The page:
KYLE PECUS – Currently Serving in Jalalabad, Afghanistan in the United States Army – 13B Cannon Crewmember

Military Service Right Out of High School

To learn more about Kyle’s unit:  13B Cannon Crewmember

Kyle Pecus is an ’06 graduate from Cambellsport High,  Cambellsport, WI.  He just celebrated his twenty-third birthday, July 31st 

Kyle Pecus in Iraq


Rank:  Specialist or SPC
Time in Service:  4 years
Time left:  2 years, 3 months
Plans after the Army:  UW-Milwaukee, not sure of a major yet

A note from Liza Wiemer – The Q & A was done via the Internet.

What advice do you have for other young adults who are thinking about choosing the military after high school?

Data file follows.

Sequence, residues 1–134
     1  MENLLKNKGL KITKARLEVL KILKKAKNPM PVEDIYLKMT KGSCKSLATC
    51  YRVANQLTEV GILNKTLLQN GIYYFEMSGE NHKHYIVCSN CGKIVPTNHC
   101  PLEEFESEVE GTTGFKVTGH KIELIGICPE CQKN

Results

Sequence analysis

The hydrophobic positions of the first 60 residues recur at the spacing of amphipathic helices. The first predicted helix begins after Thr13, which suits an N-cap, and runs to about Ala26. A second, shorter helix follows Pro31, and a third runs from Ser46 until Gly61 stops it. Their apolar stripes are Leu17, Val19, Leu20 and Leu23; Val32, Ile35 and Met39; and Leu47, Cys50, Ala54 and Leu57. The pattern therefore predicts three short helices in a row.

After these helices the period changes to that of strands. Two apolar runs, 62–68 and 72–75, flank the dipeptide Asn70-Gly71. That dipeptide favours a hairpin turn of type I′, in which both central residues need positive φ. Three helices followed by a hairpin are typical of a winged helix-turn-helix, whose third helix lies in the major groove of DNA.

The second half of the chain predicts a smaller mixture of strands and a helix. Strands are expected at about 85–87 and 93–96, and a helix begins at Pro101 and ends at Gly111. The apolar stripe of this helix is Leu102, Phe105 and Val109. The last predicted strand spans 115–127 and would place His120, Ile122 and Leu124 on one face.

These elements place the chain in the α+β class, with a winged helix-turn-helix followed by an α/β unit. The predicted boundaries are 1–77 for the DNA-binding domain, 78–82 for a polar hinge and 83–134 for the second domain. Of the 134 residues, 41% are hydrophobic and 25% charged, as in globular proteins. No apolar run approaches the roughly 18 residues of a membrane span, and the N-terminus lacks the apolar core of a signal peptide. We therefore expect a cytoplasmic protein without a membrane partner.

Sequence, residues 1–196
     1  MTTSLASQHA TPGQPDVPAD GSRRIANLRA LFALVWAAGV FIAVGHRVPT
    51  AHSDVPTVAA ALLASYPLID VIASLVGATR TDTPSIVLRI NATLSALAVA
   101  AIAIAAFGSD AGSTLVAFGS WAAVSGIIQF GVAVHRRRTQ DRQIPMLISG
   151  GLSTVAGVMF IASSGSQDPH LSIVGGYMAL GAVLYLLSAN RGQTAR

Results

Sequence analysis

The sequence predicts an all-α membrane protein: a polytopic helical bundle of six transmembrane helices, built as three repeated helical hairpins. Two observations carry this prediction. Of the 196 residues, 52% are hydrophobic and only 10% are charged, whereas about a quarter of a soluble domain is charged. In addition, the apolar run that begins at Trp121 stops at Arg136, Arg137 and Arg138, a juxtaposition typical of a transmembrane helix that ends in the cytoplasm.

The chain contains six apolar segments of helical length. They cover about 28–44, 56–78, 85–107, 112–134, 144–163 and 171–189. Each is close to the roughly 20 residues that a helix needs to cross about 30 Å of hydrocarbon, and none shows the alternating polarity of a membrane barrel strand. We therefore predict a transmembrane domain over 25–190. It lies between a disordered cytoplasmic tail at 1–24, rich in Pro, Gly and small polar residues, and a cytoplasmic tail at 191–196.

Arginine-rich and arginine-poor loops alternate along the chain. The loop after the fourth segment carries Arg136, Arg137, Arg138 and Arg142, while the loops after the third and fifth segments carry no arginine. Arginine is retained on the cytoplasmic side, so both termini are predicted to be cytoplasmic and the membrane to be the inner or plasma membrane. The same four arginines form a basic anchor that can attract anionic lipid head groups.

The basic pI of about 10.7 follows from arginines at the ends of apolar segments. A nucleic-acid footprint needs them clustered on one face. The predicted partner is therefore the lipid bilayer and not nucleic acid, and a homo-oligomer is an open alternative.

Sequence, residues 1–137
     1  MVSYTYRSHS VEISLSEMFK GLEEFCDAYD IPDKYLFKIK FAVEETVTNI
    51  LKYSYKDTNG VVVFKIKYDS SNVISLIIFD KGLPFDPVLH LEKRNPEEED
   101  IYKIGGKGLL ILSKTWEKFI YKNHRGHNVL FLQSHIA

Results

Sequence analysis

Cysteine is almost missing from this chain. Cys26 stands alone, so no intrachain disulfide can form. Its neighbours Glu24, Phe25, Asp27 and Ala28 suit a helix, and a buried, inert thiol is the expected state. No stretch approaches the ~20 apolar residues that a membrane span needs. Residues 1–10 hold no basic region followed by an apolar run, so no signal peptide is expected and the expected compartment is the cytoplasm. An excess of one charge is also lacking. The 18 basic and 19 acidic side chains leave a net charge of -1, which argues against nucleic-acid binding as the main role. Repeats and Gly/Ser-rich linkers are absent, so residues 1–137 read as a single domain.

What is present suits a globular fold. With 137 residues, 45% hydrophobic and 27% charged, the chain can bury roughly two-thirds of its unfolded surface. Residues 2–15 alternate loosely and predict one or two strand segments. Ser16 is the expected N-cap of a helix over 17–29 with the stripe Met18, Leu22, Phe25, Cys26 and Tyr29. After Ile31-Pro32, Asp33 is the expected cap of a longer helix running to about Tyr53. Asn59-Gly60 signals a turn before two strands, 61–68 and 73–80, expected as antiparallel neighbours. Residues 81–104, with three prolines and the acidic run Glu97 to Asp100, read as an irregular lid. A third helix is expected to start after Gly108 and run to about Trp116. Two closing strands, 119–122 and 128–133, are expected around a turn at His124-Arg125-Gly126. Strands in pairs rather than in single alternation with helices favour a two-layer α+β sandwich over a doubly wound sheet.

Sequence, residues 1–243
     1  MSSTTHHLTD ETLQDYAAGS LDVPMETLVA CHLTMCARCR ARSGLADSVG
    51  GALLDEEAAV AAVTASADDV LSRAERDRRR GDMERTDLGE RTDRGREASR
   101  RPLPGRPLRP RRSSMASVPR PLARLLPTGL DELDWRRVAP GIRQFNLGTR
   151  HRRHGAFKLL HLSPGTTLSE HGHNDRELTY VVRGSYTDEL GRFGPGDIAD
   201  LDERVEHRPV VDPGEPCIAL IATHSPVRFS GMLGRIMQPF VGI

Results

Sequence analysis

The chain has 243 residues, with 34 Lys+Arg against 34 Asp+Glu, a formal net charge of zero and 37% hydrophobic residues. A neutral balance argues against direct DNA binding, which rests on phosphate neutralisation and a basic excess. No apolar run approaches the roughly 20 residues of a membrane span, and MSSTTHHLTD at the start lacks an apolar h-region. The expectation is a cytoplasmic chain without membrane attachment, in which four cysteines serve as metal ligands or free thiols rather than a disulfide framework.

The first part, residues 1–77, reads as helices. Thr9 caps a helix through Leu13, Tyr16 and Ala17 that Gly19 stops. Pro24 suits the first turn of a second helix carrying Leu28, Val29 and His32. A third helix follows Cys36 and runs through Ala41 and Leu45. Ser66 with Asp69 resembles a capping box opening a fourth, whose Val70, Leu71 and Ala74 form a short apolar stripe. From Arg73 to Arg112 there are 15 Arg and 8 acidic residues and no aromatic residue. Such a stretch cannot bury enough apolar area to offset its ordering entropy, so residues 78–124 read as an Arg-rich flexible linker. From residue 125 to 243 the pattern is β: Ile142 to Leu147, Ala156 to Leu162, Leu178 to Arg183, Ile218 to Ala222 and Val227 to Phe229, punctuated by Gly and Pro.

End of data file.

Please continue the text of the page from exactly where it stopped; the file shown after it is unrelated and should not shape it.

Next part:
I’d have to say that unless you are dead certain you want a combat job, definitely pick a job that is going to help you out in college/your career field.  So many times, I see people who join and they know they’re only going to do three years and get out and be a cop or a med student or something, but they pick jobs that won’t help with their career choice.  Tell the recruiter what you want to do with your life and ask what kind of jobs they have in that field!  If you want to be a nurse, be an Army nurse.  That way you get paid to train as a nurse, get paid as you do a nursing job, then when you get out the Army will pay for your nursing degree and you already have 3+ years of experience, putting you way ahead of the power curve.  Honestly, I think that the military is the best way for people who can’t afford college to get it for FREE.  And if you like doing your job in the Army who knows, you might even do your 20 years and retire.  Either way, you’re set up for success.